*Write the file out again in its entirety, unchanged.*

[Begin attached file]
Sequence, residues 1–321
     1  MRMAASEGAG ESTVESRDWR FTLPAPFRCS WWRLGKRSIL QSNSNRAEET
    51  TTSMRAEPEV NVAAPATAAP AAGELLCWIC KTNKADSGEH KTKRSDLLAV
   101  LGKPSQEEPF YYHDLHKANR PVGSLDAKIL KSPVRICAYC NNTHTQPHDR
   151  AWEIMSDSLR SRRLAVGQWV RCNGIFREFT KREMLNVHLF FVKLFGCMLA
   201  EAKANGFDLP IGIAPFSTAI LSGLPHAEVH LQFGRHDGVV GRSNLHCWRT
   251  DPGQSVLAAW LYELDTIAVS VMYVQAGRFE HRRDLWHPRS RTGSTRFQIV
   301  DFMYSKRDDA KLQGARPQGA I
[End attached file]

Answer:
Sequence, residues 1–321
     1  MRMAASEGAG ESTVESRDWR FTLPAPFRCS WWRLGKRSIL QSNSNRAEET
    51  TTSMRAEPEV NVAAPATAAP AAGELLCWIC KTNKADSGEH KTKRSDLLAV
   101  LGKPSQEEPF YYHDLHKANR PVGSLDAKIL KSPVRICAYC NNTHTQPHDR
   151  AWEIMSDSLR SRRLAVGQWV RCNGIFREFT KREMLNVHLF FVKLFGCMLA
   201  EAKANGFDLP IGIAPFSTAI LSGLPHAEVH LQFGRHDGVV GRSNLHCWRT
   251  DPGQSVLAAW LYELDTIAVS VMYVQAGRFE HRRDLWHPRS RTGSTRFQIV
   301  DFMYSKRDDA KLQGARPQGA I